MILAN — The second edition of TheOneMilano haut-à-porter trade show in Milan rustled with the intimacy of a quiet boutique. Over the four days of the fledgling luxury clothing and fur show, slightly fewer than 4,000 buyers milled around 150 or so exhibitors showing spring collections across 27,000 square feet.
The merger of two former fairs, MIPAP (ready-to-wear) and MiFur (fur), it was a fraction of the size of February’s edition, as only four fur exhibitors showed for the warm season collections. By contrast, the February show spread across 151,200 square feet and attracted 11,150 visitors to more than 244 exhibitors, 164 of whom sold fur.
“First and foremost, it must grow,” said Elena Salvaneschi, secretary-general of TheOneMilano. Previously, the secretary-general of MiFur, she said she was evaluating strategic paths to take, but expressed confidence in the potential of the new fair to tap market synergies. She cited the PwC research released in February, which showed the Personal Luxury Market growing at a compound growth rate (CAGR) of nine percent from 2015 to 2020. She saw this as evidence that there is room to develop a showcase for commercial luxury fashion because, as, in her view, Milan’s runway and trade shows — which include Super and White — are primarily focused on research and fresh talent.
“A voice is missing that does not just consist of research designers,” Salvaneschi said.
In theory, high-end clothing should attract buyers intimidated by the idea of traveling to a separate fair to peruse fur collections, she reasoned. Fur, after all, has been primarily distributed through clothing stores since at least 2006, according to the PwC study. Conversely, fur retailers could be attracted to luxury clothing as a way to extend their sales season.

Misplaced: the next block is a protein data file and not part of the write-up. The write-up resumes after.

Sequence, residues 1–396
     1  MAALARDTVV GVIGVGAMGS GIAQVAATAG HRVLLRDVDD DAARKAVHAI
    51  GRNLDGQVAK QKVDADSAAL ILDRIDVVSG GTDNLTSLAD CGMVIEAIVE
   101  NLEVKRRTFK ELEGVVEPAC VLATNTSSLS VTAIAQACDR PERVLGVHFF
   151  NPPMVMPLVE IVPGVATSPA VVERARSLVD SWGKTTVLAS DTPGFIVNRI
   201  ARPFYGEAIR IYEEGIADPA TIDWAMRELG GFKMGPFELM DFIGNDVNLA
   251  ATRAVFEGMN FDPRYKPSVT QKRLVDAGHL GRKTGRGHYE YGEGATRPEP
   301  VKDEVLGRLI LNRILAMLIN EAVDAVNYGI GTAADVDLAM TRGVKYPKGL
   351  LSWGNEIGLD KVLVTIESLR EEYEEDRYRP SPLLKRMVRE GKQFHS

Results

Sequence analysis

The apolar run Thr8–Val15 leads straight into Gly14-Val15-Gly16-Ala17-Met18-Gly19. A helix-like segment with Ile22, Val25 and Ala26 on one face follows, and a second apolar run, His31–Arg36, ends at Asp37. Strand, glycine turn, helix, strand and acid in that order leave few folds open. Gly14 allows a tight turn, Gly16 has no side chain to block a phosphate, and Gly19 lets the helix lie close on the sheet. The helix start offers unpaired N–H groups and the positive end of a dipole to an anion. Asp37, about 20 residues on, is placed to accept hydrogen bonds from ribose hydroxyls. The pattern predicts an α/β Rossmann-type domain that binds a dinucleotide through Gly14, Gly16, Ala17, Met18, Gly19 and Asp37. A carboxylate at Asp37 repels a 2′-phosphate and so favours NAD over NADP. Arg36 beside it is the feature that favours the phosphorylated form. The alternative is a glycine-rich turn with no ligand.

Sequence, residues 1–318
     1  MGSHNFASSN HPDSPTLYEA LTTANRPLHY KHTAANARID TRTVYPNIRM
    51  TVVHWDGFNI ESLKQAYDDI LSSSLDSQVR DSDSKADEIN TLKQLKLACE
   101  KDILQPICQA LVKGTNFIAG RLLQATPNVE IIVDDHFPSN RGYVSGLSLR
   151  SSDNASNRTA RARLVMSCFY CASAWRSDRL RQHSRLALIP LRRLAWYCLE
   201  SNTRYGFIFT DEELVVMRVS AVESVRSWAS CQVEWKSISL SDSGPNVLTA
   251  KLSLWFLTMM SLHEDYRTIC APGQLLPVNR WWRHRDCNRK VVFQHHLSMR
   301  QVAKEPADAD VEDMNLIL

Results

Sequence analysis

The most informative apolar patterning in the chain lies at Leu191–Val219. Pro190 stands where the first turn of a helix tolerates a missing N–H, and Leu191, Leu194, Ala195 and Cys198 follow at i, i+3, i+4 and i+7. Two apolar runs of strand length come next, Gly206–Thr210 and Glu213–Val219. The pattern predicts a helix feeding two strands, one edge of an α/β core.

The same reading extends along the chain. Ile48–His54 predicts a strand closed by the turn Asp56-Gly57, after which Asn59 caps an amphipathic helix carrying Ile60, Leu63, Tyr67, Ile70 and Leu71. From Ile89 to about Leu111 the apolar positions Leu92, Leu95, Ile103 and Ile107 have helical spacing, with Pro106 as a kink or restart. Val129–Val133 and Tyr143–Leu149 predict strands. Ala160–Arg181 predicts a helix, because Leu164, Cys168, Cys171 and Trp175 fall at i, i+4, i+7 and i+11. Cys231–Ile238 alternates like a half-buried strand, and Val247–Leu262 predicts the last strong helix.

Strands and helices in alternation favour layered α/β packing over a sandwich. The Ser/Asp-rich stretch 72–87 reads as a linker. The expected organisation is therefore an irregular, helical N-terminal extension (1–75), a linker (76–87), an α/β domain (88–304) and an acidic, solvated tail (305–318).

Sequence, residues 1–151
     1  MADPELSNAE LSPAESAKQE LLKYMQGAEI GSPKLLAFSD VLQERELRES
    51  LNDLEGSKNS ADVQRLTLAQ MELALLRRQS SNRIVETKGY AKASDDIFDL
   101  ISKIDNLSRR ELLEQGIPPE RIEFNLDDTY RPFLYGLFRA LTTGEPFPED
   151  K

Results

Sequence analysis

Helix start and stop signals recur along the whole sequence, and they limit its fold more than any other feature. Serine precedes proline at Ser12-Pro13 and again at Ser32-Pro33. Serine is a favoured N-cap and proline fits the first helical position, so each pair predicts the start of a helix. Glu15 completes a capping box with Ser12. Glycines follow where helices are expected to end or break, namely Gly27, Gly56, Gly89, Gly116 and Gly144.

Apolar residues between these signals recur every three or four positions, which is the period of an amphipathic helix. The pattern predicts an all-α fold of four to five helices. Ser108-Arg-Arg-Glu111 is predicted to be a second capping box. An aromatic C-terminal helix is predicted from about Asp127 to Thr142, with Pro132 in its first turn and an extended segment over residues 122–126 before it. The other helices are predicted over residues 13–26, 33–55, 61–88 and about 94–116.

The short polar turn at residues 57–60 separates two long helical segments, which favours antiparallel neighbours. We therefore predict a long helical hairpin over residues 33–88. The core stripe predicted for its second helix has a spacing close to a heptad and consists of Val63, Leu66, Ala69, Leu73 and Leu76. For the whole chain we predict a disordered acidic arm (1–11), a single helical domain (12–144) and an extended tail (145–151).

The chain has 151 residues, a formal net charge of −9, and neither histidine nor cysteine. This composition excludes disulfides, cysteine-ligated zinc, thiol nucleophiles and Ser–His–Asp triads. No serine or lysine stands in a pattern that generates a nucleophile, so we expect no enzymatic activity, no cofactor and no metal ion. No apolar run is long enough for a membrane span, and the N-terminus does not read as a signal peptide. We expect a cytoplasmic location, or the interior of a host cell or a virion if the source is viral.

“Clothing is a complementary product that facilitates buyers entering the fair,” Salvaneschi said.
Yet, the September show received mixed reactions from exhibitors and buyers.
“It’s been good,” said clothing designer and entrepreneur Vaishali Shadangule. “For the brand, the response has been very good.”
Shadangule is the founder of Vaishali S, an Indian couture and rtw brand that has staged runway shows at New York Fashion Week for the last three seasons and sells handcrafted contemporary art garments for 100 euros to 1,600 euros wholesale. For her spring collection, she showed diaphanous layered pieces with sculptural contours, revealing transparencies, and nature-inspired, textured needlework, with birds, leaves, tree bark, clusters of sprouting mushrooms, the imprint of raindrops, and tightly clustered butterflies. Shadangule designs her own fabrics and employs specialized village craftspeople to make them. She estimates she supports more than 1,700 families across India on her current production of 5,000 to 6,000 garments a year.
“I could easily double revenues this year,” Shadangule said. She credits her growth potential to a partner she brought on to handle business development, Dhwani Srivastava. The label has offices in New York, Milan and Mumbai.
Another luxury player, Alberto Vanuzzo, said, “Things are going well.” He is the head of sales and son of the owner of Suprema Srl, an Italian fur and leather outerwear specialist.
Vanuzzo took advantage of the spring show to present garments in mixed materials for a sportier range than usual, like a cream suede and sheepskin vest with a diagonal stripe of turquoise and cream mink. A zippered grey sweatshirt featured a subtle, silvery patina that blended its mix of cotton and suede panels. His bestseller was a classic denim jacket with sheepskin accents.